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California CountiesThe U.S. state of California is divided into fifty-eight counties. On January 4, 1850, the California constitutional committee recommended the formation of 18 counties. They were Benicia, Butte, Fremont, Los Angeles, Mariposa, Monterey, Mount Diablo, Oro, Redding, Sacramento, San Diego, San Francisco, San Joaquin, San Jose, San Luis Obispo, Santa Barbara, Sonoma, and Sutter. On April 22, the Counties of Branciforte, Calaveras, Coloma, Colusi, Marin, Mendocino, Napa, Trinity, and Yuba were added. Benicia was renamed Solano, Coloma to El Dorado, Fremont to Yola, Mt. Diablo to Contra Costa, San Jose to Santa Clara, Oro to Tuolumne, and Redding to Shasta. One of the first state legislative acts regarding Counties was to rename Branciforte County to Santa Cruz, Colusi to Colusa, and Yola to Yolo.
The last California county to have been established is Imperial County in 1907.
San Mateo County, California
San Mateo County History, Geography, and Demographics
Etymology - Origin of County Name
The county bears the Spanish name for Saint Matthew. As a place
name, St. Matthew appears as early as 1776, and the arroyo, the point and the
settlement at the unofficial San Mateo Mission are all so designated on the
early maps. Until about 1850, the name appeared as San Matheo.
County QuickFacts: Census Bureau Quick Facts
San Mateo County (pronounced /ˌsæn məˈteɪoʊ/ "san muh-TAY-o") (Spanish for: St. Matthew County) is a county located in the San Francisco Bay Area of the U.S. state of California. It covers most of the San Francisco Peninsula just south of San Francisco, and north of Santa Clara County. San Francisco International Airport is located at the northern end of the county, and Silicon Valley begins at the southern end. San Mateo County was formed from parts of San Francisco County and Santa Cruz County in 1856. The county seat is Redwood City.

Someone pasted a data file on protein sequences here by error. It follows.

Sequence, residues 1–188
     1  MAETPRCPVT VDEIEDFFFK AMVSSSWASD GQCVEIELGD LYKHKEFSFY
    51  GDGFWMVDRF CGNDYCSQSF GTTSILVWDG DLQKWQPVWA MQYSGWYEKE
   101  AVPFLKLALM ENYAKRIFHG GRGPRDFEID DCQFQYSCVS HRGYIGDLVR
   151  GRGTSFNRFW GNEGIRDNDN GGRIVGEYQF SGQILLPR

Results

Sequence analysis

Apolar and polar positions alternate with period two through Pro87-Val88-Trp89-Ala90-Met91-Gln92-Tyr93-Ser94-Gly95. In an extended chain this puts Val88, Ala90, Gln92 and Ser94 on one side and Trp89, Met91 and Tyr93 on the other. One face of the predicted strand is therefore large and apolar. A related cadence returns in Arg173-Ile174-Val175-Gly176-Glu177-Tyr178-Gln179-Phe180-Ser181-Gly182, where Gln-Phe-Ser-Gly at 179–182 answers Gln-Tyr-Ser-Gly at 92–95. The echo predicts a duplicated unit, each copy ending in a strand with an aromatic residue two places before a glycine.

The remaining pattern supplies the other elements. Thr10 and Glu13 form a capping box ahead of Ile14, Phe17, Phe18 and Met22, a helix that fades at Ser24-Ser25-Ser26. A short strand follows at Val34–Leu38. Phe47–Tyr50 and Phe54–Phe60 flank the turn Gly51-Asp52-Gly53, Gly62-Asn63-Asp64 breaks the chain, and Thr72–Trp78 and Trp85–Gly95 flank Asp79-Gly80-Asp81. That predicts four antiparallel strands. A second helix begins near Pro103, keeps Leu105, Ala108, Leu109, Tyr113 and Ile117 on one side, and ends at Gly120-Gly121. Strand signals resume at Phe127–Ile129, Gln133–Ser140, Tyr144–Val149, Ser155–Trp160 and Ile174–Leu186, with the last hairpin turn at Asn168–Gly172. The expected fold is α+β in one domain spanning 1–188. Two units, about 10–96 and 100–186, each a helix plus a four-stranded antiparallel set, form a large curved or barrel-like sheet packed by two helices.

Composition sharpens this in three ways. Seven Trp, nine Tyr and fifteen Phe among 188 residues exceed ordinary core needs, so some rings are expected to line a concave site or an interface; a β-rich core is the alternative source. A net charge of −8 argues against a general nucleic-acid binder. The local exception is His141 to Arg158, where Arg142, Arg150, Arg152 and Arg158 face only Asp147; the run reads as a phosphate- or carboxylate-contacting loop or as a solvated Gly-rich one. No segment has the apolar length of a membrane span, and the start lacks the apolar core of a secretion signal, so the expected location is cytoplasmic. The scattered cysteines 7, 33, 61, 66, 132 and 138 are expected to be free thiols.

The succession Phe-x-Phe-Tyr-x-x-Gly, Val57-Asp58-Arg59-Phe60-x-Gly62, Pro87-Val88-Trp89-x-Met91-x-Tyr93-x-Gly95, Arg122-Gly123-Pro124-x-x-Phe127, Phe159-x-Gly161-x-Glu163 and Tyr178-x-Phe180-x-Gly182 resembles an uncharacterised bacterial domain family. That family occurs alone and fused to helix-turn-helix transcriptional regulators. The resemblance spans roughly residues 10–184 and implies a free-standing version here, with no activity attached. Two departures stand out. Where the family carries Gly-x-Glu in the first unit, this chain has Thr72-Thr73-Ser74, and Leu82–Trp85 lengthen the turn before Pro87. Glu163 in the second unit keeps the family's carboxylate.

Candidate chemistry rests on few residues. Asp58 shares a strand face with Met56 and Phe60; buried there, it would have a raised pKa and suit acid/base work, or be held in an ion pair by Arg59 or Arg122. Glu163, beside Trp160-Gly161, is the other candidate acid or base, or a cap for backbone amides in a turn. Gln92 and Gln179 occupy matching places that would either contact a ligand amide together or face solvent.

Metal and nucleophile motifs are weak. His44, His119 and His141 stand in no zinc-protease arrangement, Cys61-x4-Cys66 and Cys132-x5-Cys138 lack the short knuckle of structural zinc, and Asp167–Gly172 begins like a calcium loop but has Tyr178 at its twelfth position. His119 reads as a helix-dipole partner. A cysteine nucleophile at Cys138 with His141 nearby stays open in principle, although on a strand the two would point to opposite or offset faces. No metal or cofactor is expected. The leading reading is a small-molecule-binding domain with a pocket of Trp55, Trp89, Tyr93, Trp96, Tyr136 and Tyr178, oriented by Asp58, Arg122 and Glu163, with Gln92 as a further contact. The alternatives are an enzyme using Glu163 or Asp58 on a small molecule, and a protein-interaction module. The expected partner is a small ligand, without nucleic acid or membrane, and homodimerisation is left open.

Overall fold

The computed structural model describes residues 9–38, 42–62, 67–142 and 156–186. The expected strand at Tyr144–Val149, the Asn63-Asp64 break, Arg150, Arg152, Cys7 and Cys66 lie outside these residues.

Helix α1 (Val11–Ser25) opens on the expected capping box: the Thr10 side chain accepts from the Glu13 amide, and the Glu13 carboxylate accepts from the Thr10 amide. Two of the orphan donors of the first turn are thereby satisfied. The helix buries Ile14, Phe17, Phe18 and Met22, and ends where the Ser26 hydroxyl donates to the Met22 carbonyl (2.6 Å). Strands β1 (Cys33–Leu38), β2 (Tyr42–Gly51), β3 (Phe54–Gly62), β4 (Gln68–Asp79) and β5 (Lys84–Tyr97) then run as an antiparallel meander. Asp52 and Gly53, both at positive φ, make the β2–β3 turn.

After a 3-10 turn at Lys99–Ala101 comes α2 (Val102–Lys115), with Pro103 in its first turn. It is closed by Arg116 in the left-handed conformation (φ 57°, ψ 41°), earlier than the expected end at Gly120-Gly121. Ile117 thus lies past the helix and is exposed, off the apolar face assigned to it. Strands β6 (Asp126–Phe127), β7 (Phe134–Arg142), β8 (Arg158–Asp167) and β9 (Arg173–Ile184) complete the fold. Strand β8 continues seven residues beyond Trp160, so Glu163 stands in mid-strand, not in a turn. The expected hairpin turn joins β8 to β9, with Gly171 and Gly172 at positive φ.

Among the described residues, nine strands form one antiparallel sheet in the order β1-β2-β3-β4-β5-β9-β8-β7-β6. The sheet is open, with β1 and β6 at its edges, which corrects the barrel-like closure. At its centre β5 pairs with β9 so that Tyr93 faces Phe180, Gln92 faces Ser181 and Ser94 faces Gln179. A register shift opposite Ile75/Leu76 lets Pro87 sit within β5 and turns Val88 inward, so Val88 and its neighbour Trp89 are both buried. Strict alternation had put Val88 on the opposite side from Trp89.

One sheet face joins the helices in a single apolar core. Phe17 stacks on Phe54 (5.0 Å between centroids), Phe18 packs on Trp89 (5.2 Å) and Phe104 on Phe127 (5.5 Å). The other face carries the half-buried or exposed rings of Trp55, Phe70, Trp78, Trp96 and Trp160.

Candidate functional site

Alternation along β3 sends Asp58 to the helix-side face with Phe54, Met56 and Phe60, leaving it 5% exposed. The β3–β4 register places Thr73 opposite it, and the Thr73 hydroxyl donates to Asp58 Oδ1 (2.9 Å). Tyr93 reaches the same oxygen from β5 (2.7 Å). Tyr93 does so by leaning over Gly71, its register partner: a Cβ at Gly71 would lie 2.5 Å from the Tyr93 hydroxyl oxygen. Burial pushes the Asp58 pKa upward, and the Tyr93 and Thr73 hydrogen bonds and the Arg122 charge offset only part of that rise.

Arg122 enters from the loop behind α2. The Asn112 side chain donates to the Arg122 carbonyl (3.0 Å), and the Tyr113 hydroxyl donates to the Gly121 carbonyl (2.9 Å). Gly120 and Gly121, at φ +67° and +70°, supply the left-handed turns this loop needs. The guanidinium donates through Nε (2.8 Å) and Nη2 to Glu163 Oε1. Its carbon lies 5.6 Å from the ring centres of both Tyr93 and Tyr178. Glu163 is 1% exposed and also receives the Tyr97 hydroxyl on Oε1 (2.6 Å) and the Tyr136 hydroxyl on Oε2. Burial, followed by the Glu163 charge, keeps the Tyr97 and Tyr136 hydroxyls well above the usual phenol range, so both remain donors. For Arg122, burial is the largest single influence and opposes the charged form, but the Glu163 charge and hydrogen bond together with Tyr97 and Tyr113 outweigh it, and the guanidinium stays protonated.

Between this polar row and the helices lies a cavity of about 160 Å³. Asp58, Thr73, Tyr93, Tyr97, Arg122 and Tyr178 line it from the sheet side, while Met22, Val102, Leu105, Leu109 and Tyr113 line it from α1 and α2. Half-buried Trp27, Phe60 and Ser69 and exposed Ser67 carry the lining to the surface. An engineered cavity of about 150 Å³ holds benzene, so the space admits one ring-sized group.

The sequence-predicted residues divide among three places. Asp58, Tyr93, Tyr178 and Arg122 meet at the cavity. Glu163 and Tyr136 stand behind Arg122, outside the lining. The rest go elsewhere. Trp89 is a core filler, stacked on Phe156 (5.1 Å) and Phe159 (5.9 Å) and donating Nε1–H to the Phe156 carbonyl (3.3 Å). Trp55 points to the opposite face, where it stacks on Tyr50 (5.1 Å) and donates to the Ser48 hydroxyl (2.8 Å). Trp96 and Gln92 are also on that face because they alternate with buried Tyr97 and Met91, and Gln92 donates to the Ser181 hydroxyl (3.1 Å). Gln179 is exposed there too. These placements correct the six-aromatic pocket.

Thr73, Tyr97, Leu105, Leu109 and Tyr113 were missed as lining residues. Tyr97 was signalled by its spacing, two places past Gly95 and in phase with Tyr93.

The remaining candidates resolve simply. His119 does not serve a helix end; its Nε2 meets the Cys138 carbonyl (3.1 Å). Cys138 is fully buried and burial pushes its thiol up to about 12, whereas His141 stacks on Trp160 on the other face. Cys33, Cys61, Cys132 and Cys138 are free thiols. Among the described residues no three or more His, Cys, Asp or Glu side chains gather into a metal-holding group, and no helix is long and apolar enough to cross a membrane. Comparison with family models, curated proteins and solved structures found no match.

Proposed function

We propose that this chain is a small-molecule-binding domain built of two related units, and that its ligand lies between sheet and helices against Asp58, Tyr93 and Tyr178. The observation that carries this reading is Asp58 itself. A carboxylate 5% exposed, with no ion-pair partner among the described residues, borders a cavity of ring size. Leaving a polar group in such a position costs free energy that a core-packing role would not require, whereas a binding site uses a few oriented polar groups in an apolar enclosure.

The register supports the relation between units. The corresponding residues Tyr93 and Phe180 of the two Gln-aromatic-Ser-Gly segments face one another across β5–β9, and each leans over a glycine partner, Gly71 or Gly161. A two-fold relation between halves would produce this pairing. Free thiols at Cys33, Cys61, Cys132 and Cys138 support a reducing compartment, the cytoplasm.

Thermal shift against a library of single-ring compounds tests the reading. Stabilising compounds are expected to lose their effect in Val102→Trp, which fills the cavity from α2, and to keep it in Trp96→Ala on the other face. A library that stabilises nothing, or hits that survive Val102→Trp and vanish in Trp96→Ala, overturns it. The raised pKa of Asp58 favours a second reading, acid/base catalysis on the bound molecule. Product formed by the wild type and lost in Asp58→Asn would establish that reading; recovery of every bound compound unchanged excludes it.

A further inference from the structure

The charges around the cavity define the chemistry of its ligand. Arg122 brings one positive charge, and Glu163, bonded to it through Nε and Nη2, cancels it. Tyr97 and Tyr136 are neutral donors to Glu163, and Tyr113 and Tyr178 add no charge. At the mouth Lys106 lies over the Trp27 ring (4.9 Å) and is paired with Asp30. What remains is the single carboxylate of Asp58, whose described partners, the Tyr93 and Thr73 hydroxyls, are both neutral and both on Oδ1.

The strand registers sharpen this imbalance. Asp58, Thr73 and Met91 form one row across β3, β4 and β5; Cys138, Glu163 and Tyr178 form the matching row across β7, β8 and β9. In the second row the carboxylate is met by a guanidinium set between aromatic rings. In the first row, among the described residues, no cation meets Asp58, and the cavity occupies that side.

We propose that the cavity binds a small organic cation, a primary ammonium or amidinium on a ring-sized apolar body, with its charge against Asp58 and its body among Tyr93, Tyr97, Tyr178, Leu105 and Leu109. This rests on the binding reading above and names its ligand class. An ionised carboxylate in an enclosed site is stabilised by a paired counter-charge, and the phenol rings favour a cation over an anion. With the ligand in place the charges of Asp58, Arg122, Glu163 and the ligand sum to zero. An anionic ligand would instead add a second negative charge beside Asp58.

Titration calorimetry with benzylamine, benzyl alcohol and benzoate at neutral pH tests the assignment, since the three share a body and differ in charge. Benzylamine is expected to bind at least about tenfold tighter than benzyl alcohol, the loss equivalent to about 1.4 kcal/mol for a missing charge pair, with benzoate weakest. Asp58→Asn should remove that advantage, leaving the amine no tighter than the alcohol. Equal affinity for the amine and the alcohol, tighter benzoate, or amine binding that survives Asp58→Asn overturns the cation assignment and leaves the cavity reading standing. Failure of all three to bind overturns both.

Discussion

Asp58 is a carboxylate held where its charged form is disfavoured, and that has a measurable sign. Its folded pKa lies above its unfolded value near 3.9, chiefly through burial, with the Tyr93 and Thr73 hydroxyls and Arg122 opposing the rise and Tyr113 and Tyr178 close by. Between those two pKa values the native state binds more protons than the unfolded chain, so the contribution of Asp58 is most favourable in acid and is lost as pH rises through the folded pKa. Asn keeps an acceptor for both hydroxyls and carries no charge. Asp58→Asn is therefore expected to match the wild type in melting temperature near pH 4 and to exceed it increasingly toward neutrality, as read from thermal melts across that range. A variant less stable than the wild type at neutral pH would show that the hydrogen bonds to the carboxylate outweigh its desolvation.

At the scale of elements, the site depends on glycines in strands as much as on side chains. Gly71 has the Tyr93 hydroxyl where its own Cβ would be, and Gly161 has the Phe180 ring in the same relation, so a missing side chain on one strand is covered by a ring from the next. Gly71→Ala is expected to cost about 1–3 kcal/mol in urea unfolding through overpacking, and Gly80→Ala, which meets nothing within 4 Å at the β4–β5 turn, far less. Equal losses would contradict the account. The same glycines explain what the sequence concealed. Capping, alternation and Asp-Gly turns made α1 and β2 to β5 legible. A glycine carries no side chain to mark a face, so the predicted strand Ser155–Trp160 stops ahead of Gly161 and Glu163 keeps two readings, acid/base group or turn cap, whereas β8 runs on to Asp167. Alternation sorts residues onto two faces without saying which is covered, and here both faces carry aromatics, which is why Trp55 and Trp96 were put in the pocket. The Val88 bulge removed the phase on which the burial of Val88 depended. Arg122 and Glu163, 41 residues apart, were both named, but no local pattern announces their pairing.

So satisfying had been the growth of the county that in the spring of 1856 the Hon. Horace Hawes
introduced in the State Senate a bill entitled: "An act to repeal the several charters of the City and
County of San Francisco, and to consolidate the government thereof." This became a law and received the
governor's approval on April 19, of the same year.
According to the U.S. Census Bureau, the county has a total area of 741 sq mi (1,919 km²). 449 sq mi
(1,163 km²) of it is land and 292 sq mi (756 km²) of it (39.40%) is water. A number of bayside
watercourses drain the eastern part of the county including San Bruno Creek and Colma Creek. Streams
draining the western county include Frenchmans Creek, Pilarcitos Creek, Naples Creek, Arroyo de en Medio,
and Denniston Creek.
Cities and Towns:
Enter County Resources and Information Here
The history of our nation was a prolonged struggle to define the relative roles and powers of our governments: federal, state, and local. And the names given the counties, our most locally based jurisdictions, reflects the "characteristic features of this country!"